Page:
Cultivating a list of “life principles” can help you discover what you want and how you can align your actions with your values. It enables you to bring your unseen and unquestioned perspectives and ways of being into the open where you can critically examine and change them.
I started working on my own list of life principles in my late teenage years because I noticed a tendency to get washed away by the currents of everyday life. Instead of worrying about what other people thought and what the environment demanded of me, I began to pay closer attention to what I believed and valued. Increasingly, I saw every book and every conversation as an opportunity to gain clarity about my thinking.
However, there was still a large gap between my values and my day-to-day decisions and actions. Cultivating a list of life principles and reviewing them once every week or two helped me narrow that gap. The fact that this list changed a lot over time helped me appreciate that there was probably no point at which I’d have figured it all out, but that I was going to remain a work-in-progress. I’m sharing the current list below.
Looking back, I notice how critical this practice of self-authorship was to my learning and growth in my twenties. It helped me lean into my ambition, cultivate a growth mindset, and become a more effective leader and a better friend, among many things.
And yet, I used to keep this list to myself and not tell anyone about it out of fear of being judged, expecting that others might not be able to appreciate this rather unconventional practice. At this point, I feel comfortable sharing myself more openly, which prompted me to write this post. At the same time, I’ve also become more realistic about the idea of life principles itself, appreciating that life isn’t black or white and that no set of principles will ever do it justice. With that in mind, here’s the list.
It’s time to stop being vague. If you wish to be an extraordinary person, if you wish to be wise, then you should explicitly identify the kind of person you aspire to become.Epictetus
- Pause and attend.
- Notice that everything is simply appearing.
- Relax in the midst of struggle and unsatisfactoriness.
- The quality of your attention determines the quality of your life.
- Dwell in reality and don’t argue with it.
- Relinquish your reaction to experience by simply noticing it.
- It’s okay to feel this way right now.
- Don’t wish to be fulfilled. Instead, welcome all things.
- Begin again in each moment.
- Step away and look at the situation from above.
- Focus on what you can control. Embrace what you can’t control.
- It’s not external events that upset you, but your judgment of them.
- You are nowhere. There are no bounds between you and the world.
- You are not your feelings, thoughts, and other contents of consciousness.
- Ignore the crowd. Improve your life in relation to yourself, not others.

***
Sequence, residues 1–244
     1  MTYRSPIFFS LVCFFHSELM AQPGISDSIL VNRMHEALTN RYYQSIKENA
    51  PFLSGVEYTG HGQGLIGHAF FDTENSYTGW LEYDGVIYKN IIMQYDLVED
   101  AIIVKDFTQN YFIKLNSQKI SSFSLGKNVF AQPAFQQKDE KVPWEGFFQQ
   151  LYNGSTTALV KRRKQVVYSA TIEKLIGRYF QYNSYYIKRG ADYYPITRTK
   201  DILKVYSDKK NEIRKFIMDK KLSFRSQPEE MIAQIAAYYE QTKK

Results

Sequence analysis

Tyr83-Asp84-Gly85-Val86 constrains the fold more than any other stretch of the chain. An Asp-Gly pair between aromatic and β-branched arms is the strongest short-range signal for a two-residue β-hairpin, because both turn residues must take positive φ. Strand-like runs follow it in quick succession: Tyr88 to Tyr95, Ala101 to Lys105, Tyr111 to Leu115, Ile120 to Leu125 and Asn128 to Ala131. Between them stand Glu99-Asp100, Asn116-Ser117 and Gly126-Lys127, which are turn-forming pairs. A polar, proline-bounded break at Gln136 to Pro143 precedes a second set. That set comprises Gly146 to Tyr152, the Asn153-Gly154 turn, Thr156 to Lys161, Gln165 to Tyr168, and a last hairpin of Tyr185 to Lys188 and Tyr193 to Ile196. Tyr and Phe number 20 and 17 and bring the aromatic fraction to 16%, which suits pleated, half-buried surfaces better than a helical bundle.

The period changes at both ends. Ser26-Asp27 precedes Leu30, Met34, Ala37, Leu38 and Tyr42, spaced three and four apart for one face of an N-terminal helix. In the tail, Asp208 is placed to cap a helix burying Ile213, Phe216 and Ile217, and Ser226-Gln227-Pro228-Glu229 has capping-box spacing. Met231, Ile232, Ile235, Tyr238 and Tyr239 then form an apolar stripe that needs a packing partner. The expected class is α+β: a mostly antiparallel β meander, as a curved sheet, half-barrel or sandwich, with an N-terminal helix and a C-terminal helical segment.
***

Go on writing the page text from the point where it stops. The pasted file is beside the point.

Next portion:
- Keep your identity small.
- Everything is impermanent. There’s nothing to hold on to.
- Don’t cling to ideas. Keep your mind open to what is.
- Let go of the results of your actions.
- You are entitled to nothing.
- Enjoy this moment where your consciousness is bright.
- You will die soon. Let this teach you how to live fully.
- Compare downwards to feel how lucky you are.
- Marvel at the universe.
- Trust in your ability to handle whatever comes your way.
- Own your fear and lean just beyond it, in every aspect of your life.
- Choose to be excited rather than afraid.
- Your life shrinks or expands in proportion to your courage.
- Your mission is your priority.
- Dedicate yourself to excellence.
- Always have a challenge.
- Every action is a vote for who you want to be.
- Act for the well-being of the whole world.
- You have to find a way to help yourself.
- Pain plus reflection equals progress.
- Take responsibility for your feelings and needs.
- Treat setbacks as a test to your ingenuity and resourcefulness.
- Don’t cling to your comfort.
- Diversify in everything. Always have a backup.
- Do what you can, then let things take their course.
- Follow your curiosity, wherever you can find it.
- Treat life as a series of experiments. Do what will teach you the most.
- There’s no treasure at the end of the process. The process is the treasure.
- See if you can enjoy this.
- In the long run, the truth comes out.
- Unobstructed self-expression: nothing to hide, nothing to defend.
- Align what you say with what you think and feel.
- Seek out games where honesty is the dominant strategy.
- Treat everyone as family and assume other people like you.
- Hold space and experience the full range of feelings behind it.
- Resist envy. Most of life isn’t zero-sum.
- Occasionally forgive.
- Action allows you to see the world for what it really is.
- Let your actions control your emotions.
- Ideas are worth nothing unless executed.
- Optimism in the face of uncertainty.
If you’d like to explore these ideas further, here are a few resources that you’ll find useful:
- Meditations – Marcus Aurelius (Gregory Hays translation)
- Tao Te Ching – Lao-Tzu (Stephen Mitchell translation)
- The Bhagavad Gita (Stephen Mitchell translation)
- Principles – Ray Dalio
- Algorithms to Live By – Brian Christian & Tom Griffiths
- How to Fight a Hydra – Josh Kaufman
- Waking Up – Sam Harris
- Take Ownership of Your Future Self – Harvard Business Review